Alumni Spotlight: Kasia Duellman

August 12, 2019

Kasia Duellman

Kasia Duellman is an assistant professor with University of Idaho Extension and a Seed Potato Specialist. Duellman’s research focuses on all aspects of seed potato production, with the overall goal of improving quality. Specific emphasis is on pathogens important to seed potato production and seed health and to seed-related aspects of commercial potato production. Her extension program focuses on providing relevant, timely, science-based, and non-biased information to growers and the industry. Duellman received her B.S. from Arizona State University in 1989, an M.S. in Plant Pathology from the University of Minnesota in 1993 (working with Professor Richard Meronuck), and a Ph.D. from North Dakota State University in 2015. 

There is always unique information to learn from every alum of the department. I sat down with Kasia do get a little more background on her experiences.

Tell me a bit a little bit about yourself and about your position.

I am the seed potatoes specialist for the University of Idaho; it's an extension research position. And I never to million years thought I'd be in eastern Idaho working on potatoes but it's been an incredible gift so I'm very grateful for where I am and for what I'm doing. I love the potato industry. Starting out with potatoes at the University of Minnesota indirectly because of my co-adviser and then coming full circle and ending up in a position where I'm working with potatoes that always amazes me. 

Is your current position Plant Pathology based?

It was primarily a plant pathology position. Being the seed potato specialist means I could also branch out into variety optimization in terms of production for seed. 

What is the most rewarding part of working in Extension at the University of Idaho? 

I love getting out into the field and interacting with people who work in the field, field growers and agriculture professionals. I like hearing their stories and finding out what they experienced, what they have seen, and what works and doesn't work for them. It's something new every day. To me, it's very selfish, but it brings me joy learning something new and this position allows me to do that.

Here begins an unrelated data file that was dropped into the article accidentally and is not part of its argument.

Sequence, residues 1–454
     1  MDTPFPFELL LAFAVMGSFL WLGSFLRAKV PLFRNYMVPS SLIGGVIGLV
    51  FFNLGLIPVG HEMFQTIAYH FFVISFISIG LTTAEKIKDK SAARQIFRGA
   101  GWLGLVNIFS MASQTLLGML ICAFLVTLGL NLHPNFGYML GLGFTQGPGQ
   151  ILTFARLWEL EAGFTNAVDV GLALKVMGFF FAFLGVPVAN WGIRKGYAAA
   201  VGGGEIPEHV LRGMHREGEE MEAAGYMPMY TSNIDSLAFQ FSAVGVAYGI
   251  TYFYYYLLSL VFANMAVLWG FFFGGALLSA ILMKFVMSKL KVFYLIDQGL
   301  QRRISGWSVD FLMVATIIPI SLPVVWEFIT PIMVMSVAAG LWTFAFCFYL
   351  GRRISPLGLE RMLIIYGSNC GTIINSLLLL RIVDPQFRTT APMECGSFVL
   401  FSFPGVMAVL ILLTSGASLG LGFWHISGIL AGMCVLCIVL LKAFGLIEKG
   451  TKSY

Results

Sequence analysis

What is an important piece of information you learned here in the Department of Plant Pathology that has followed you throughout your career?  

Everything I have done is connected and everything that I have learned is connected. When I started here I didn't even understand a basidiomycete’s life cycle, specifically, the rust fungi. It wasn't until I started spending time thinking about the rust pathogens that the light bulb turned on. Lots of seeds were planted here. I learned a lot of lessons at the U of M., To be honest, I would say one of the biggest influences for me (I had many) were so many faculty members, adjunct faculty. There were so many people that were giving me encouragement and confidence to keep going. Having that kind of support and mentorship is probably the biggest kernel I took from here. That is something that I want to be able to do for people. I really love being able to get people inspired about plant pathology to think about it and to possibly consider it as a field. Now my joy has been trying to promote Extension and trying to get people to think about Extension. Many research faculty at universities have that Extension role whether they have it as a formal role or written into their job description. They are expected to interact with their commodity groups, growers, and agriculture professionals. It is kind of an unwritten expectation. I really love that marriage of extension and research. I think it is a great way for people to tell their stories. 

Was there a specific “ah-ha” moment while you were a grad student here? 

I was having a lot of fun as a grad student here. I was having fun learning concepts that I was introduced to here at the university and a lot of those concepts paved the way for what I am still learning today.        

How did funding from donors, fellowships, and travel grants impact you as a student and eventually your personal development? 

I did get a fellowship that helped me with some of my summer lodging expenses when I worked off station. My summer research took place at a research extension center that was not located on campus. I also received a departmental assistantship that helped fund a lot of my research.